\end{aligned}

$

The potential energy is:

$

\begin{aligned}

& U=\frac{1}{2} k x^2 \\

& U=(0.5)\left(2.7 \frac{N}{m}\right)(0.3 \mathrm{~m})^2=0.12 \mathrm{~J}

\end{aligned}

$

The period is:

$

\begin{aligned}

& T_s=2 \pi \sqrt{\frac{m}{k}} \\

& T_s=(2)(3.14) \sqrt{\frac{0.1}{2.7}} \\

& T_s=6.28 \sqrt{0.037}=(6.28)(0.19)=1.2 \mathrm{~s}

\end{aligned}

$

### Pendulums

**Notes: ****pendulum:** a lever that is suspended from a point such that it can swing back and forth.

**The Forces on a Pendulum**

As the pendulum swings, its mass remains constant, which means the force of gravity pulling it down remains constant. The tension on the pendulum (which we can think of as a rope or string, though the pendulum can also be solid) also remains constant as it swings.

However, as the pendulum swings, the angle of the tension force changes. When the pendulum is not in the center (bottom), the vertical component of the tension is $F_{\mathrm{T}} \cos \theta$, and the horizontal component is $F_{\mathrm{T}} \sin \theta$. Because the angle is between $0^{\circ}$ and $90^{\circ}, \cos \theta<1$, which means $F_{\mathrm{g}}$ is greater than the upward component of $F_{\mathrm{T}}$. This causes the pendulum to eventually stop. Also because the angle is between $0^{\circ}$ and $90^{\circ}, \sin \theta>0$, This causes the pendulum to start swinging in the opposite direction.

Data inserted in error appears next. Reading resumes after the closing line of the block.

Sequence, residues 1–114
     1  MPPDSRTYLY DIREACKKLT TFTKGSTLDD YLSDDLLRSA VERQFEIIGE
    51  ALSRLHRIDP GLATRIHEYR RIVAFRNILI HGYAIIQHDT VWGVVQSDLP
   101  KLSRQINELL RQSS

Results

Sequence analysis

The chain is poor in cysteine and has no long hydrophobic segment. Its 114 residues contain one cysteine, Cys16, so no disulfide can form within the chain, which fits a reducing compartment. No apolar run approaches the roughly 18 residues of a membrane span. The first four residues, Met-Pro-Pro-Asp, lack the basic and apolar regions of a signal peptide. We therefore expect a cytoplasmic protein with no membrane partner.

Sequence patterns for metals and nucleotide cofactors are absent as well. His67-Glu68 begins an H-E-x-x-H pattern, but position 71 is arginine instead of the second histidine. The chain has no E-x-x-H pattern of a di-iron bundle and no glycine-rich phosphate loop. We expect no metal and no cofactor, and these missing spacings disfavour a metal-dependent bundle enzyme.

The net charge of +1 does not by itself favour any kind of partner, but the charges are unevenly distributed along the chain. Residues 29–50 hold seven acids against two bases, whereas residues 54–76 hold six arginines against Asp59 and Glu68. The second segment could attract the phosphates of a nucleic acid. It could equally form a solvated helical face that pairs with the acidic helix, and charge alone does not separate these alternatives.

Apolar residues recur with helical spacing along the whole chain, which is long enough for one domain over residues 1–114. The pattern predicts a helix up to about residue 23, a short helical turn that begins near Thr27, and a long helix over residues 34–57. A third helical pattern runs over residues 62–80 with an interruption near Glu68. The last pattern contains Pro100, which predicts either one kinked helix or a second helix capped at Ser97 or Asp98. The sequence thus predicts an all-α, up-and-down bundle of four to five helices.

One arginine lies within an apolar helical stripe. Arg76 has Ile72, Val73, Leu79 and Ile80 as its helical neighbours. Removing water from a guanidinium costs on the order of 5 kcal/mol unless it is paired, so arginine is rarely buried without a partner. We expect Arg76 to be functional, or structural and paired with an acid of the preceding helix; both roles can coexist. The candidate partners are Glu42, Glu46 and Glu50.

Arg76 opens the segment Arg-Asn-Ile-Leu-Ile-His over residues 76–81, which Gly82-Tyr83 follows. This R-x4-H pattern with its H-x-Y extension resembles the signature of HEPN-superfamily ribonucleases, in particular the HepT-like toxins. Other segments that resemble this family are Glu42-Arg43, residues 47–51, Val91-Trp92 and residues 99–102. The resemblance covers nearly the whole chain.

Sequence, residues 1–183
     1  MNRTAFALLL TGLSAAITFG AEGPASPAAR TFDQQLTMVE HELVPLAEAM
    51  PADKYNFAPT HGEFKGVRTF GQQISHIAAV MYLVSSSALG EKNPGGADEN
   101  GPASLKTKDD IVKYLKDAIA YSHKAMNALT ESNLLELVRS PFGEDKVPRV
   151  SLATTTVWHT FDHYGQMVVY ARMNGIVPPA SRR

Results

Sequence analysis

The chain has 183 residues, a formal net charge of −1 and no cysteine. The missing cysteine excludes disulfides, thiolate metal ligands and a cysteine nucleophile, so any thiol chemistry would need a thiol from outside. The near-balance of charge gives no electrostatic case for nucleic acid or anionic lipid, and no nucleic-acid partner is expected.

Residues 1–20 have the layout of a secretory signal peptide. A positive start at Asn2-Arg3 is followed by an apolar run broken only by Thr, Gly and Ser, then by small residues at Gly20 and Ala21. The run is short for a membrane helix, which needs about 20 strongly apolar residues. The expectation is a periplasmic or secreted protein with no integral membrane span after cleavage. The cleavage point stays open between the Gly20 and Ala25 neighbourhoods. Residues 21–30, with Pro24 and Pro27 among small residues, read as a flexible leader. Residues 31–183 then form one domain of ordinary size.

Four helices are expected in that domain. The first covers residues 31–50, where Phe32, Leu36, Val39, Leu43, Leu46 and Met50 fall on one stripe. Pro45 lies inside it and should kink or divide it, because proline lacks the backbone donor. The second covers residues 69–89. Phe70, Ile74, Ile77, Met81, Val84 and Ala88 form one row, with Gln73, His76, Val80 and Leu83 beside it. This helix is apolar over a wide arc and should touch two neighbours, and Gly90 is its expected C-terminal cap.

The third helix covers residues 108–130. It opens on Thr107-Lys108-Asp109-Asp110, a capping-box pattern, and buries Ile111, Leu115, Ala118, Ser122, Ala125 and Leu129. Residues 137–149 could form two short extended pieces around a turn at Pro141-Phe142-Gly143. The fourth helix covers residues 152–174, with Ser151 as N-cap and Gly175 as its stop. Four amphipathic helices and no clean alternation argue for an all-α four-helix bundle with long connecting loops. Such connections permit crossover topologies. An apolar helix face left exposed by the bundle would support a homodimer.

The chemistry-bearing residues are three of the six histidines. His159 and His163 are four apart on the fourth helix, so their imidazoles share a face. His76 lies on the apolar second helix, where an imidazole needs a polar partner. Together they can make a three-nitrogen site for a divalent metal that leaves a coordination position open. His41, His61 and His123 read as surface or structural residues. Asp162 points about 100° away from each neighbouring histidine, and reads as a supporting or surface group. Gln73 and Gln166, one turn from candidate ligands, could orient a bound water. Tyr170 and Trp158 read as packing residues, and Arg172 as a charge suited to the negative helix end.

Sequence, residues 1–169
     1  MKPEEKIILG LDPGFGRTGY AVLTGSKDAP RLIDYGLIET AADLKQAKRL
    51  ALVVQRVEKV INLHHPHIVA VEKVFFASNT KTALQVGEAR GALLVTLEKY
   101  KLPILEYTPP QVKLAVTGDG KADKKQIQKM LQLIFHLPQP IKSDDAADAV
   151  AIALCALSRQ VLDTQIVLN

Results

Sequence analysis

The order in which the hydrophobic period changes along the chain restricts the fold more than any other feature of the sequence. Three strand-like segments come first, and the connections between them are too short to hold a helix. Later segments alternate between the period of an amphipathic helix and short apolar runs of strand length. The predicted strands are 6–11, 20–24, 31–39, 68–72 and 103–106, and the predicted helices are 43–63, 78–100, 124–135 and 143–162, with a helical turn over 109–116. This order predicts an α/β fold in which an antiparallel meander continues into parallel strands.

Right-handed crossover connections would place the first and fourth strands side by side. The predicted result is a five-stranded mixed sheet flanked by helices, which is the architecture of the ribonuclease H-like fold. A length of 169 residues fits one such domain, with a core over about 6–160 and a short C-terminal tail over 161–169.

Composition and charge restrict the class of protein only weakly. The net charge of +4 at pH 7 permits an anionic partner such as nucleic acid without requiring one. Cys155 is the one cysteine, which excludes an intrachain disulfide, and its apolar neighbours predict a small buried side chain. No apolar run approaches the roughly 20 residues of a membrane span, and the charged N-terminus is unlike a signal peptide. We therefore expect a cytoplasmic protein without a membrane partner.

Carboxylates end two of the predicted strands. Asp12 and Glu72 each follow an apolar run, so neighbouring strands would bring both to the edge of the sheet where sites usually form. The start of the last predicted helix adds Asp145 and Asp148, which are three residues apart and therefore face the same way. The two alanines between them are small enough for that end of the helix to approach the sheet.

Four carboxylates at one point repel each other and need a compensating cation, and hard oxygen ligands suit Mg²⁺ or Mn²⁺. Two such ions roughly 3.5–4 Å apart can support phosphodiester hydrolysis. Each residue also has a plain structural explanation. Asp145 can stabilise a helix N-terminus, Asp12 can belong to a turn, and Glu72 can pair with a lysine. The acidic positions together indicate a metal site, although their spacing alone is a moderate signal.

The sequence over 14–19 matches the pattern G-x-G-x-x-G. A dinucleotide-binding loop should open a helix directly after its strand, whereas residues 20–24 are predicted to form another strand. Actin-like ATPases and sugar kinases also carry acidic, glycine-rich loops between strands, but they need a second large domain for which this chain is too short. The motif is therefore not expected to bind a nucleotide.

### The Period of a Pendulum

period or period of oscillation: the time it takes a pendulum to travel from its maximum displacement in one direction to its maximum displacement in the opposite direction and back again. The variable for the period is $T$, and the unit is usually seconds.

Note that the time between pendulum “beats” (such as the tick-tock of a pendulum clock) are $1 / 2$ of the period of the pendulum. Thus a “grandfather” clock with a pendulum that beats seconds has a period $T=2 \mathrm{~s}$.

The period of a pendulum depends on the force of gravity, the length of the pendulum, and the maximum angle of displacement. For small angles $\left(\theta<15^{\circ}\right)$, the period is given by the equation:

$

T=2 \pi \sqrt{\frac{\ell}{g}}

$

where $T$ is the period of oscillation, $\ell$ is the length of the pendulum in meters, and $g$ is the acceleration due to gravity (approximately $10 \frac{\mathrm{m}}{\mathrm{s}^2}$ on Earth).

Note that the potential energy of a pendulum is simply the gravitational potential energy of the pendulum’s center of mass.

The velocity of the pendulum at its lowest point (where the potential energy is zero and all of the energy is kinetic) can be calculated using conservation of energy.

### Sample Problem:

Q: An antique clock has a pendulum that is $0.20 \mathrm{~m}$ long. What is its period?

**Answer/Explanation**

A: The period is given by the equation:

$

\begin{aligned}

T & =2 \pi \sqrt{\frac{\ell}{g}} \\

T & =2(3.14) \sqrt{\frac{0.20}{10}} \\

T & =6.28 \sqrt{0.02} \\

T & =(6.28)(0.141) \\

T & =0.889 \mathrm{~s}

\end{aligned}

$